Regarding felonies, you must have had the charge dismissed with no probation and have not had a felony conviction within five years of your offense subject to expunction. Certain felonies have exceptions, exclusions, and stipulations regarding eligibility that we would be happy to discuss in greater detail with you.
Eligibility for the Second Chance Bill
In September 2017, a new law went into effect in Texas that allows individuals with only one DWI conviction on their record and who meet certain criteria to seal their charges from public record.
Under House Bill 1306, also known as the Second Chance Bill, you are eligible to have your DWI conviction sealed if the following are true:
- Your blood alcohol concentration (BAC) was not higher than 0.150 at the time of arrest.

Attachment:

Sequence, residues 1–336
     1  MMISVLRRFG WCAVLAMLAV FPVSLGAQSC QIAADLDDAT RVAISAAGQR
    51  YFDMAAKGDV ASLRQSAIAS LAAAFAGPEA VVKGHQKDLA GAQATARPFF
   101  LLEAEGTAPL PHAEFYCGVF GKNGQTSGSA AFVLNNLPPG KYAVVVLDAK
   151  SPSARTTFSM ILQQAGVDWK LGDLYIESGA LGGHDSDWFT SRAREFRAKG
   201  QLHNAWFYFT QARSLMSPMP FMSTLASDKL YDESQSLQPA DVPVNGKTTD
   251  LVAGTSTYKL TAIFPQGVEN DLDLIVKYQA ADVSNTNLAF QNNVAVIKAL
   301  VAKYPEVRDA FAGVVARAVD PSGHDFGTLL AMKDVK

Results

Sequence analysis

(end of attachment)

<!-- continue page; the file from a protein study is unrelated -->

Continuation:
- Your DWI did not result in an accident with another person.
- You have successfully completed probation, paid fines and court fees, and all other aspects of your sentencing.
- Other than traffic tickets and the one DWI, your criminal history is clean.
- You completed your DWI probation two or more years ago.
Thiessen Law Firm can help you understand if you are eligible to seal your DWI conviction from public record and how to proceed.
An order for non-disclosure will prohibit public information brokers that sell your records for background checks from releasing that information once they have been notified of the existence of an order of non-disclosure. There are many websites that offer these services, and each one must be served individually to ensure compliance.
Contact Thiessen Law Firm for Skilled Expunction Counsel in Houston
Our Houston expunction attorneys are dedicated in achieving the very best for every client. If you think you may or may not be eligible for a nondisclosure or expunction, please contact the Thiessen Law Firm for a free consultation so that we may help you look forward to the future, knowing that your past is behind you.
Give us a call at (713) 864-9000 today to get started.